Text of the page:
If you are the victim of a car accident, you may have questions about what happens next. Many people who are involved in a car accident are not familiar with the legal process and do not know the first step to take. The attorneys at SMDA are here to help you with each step of the process and answer any questions you may have. We understand that being injured unexpectedly can be overwhelming, which is why our skilled attorneys strive to help you handle the legal aspect of your case.

While no two cases are exactly alike, the following is a general breakdown of the personal injury case process so you can know what to expect:

  • Meeting with an attorney. A personal injury claim begins with consulting an attorney who has experience handling these types of cases. Goodman Acker P.C. has decades of experience with all types of personal injury claims, including auto accident claims, slip and fall claims, wrongful death claims, and much more. Our attorneys offer free initial consultations, during which we review the facts and evidence of your case and make a determination about whether you stand a good chance of recovering compensation.

Everyone loves saving money, but it could cost you if your current means of doing so include not listing all drivers of your vehicle on your insurance policy. SMDA recently worked a case where the insurance company claimed they were entitled to deny no-fault insurance benefits to our client because he allegedly was not listed as a named insured on his commercial vehicle automobile insurance policy. The company attempted to apply the holding from the Court of Appeals in Barnes v Farmers, 308 Mich App 1 (2014), to this case involving a commercial policy to ask the Court to rule that our client was not entitled to receive No-Fault insurance benefits following a collision. However, the Court determined that the Barnes case only pertained to personal automobile insurance policies and not commercial policies. Since the SMDA client was operating a commercial vehicle at the time of the accident, the holding from Barnes was inapplicable to our client. However, our case should act as a good reminder for anyone, especially families, with a personal No-Fault automobile insurance policy to list all drivers of the car on the policy, no matter how little time they spend in it and here’s why:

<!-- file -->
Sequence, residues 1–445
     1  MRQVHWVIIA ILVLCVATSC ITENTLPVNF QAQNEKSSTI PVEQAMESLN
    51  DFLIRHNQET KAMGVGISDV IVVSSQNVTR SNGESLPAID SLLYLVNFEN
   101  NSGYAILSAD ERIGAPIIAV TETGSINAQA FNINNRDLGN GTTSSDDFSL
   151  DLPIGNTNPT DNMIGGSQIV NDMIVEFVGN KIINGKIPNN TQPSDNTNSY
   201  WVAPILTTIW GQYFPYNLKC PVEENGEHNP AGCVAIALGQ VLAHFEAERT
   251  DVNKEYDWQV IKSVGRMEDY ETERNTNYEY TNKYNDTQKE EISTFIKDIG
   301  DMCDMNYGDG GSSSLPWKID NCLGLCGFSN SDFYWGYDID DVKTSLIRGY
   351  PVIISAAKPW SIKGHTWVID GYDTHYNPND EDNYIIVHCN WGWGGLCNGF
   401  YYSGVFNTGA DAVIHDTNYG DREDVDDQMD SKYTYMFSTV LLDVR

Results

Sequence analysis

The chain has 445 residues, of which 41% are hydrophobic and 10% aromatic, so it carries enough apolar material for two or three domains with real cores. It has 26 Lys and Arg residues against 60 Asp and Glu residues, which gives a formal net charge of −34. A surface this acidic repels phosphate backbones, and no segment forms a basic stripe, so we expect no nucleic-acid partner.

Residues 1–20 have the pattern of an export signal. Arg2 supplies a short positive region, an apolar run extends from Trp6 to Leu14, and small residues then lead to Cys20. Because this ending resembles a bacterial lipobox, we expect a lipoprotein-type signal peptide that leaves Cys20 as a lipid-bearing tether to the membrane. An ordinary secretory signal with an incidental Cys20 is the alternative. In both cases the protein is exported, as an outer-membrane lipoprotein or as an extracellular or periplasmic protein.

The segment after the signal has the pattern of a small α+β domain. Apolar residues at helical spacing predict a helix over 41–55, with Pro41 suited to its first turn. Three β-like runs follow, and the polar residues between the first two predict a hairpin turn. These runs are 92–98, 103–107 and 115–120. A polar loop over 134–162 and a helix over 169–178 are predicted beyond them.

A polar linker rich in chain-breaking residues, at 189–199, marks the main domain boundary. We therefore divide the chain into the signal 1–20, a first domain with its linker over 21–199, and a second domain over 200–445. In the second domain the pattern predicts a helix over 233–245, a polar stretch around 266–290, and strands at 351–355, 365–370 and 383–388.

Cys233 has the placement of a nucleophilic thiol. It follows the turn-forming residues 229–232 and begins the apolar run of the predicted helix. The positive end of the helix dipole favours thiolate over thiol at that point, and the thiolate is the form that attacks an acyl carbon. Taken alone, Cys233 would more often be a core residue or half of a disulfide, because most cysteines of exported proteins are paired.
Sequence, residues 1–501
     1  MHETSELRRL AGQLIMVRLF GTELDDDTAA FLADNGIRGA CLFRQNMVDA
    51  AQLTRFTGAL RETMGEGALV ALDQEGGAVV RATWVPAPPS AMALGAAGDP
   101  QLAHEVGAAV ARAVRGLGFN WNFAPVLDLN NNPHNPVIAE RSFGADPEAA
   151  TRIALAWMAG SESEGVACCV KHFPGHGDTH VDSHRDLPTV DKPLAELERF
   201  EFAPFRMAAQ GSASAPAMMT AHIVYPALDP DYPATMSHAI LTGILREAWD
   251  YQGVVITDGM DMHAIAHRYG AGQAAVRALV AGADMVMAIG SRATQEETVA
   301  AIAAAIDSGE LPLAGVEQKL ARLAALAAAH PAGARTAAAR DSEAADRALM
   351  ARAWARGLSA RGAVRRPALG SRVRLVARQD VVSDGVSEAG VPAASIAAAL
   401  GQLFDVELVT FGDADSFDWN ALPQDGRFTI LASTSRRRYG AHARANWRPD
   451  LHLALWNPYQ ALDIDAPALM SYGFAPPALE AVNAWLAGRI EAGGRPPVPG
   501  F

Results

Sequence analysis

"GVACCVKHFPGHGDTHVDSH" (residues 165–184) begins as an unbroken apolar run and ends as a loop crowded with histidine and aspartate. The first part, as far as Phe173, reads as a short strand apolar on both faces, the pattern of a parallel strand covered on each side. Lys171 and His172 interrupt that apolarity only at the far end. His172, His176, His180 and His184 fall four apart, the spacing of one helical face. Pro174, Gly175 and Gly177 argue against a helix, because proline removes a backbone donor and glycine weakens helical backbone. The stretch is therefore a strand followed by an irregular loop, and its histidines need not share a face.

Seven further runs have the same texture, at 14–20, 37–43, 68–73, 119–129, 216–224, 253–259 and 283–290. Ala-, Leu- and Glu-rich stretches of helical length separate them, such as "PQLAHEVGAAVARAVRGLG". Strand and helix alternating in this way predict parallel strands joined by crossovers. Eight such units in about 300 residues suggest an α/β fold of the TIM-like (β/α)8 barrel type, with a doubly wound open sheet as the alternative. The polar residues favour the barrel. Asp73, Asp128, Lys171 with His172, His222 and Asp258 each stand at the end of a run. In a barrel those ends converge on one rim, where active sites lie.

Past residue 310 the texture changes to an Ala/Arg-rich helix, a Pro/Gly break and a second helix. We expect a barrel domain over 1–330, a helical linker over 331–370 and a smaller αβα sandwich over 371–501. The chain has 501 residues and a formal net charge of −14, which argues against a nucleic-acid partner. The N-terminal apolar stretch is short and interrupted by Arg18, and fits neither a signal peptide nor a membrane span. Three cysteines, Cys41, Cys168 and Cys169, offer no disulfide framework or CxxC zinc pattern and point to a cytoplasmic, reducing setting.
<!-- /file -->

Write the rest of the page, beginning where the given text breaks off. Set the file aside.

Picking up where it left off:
Background

The Barnes case resulted from a car accident involving the owner and driver of a vehicle who applied for No-Fault benefits from the company that issued the insurance policy on her vehicle. The Plaintiff and her mother were the sole owners of the vehicle. However, the No-Fault insurance policy covering their vehicle was purchased by the mother’s friend, as he was also using the car in order to assist the mother who was disabled. That person was the only named insured driver on the policy. After the daughter was injured in a collision, the insurance company denied the claim stating that she was an owner of the vehicle and she had failed to to maintain insurance on her car which is a requirement to obtain no-fault automobile insurance benefits following a collision. The car she was operating was insured under the friend’s name. However, she was the owner and operator of the car but she was was not listed on the personal no-fault insurance policy and thus not entitled to any benefits. The trial court agreed and dismissed the case and the Court of Appeals upheld this ruling meaning that whatever the injured driver/owner of the car saved by not being listed on the policy, she lost far more in No-Fault benefits following this collision.   

Accidents can lead to potential injuries. Every accident is different and the severity of the injuries depend on the facts of the case. If an individual is injured as a result of someone else’s negligence, he or she has the right to recover damages.

When the accident causes serious injuries, victims often do not hesitate to seek recovery of all potential damages resulting from the accident. However, accident victims who believe they have suffered only “minor” injuries may choose to forego any legal process to recover damages. It is important that individuals understand that the severity of their injuries should not keep them from recovering the damages they may lawfully recover.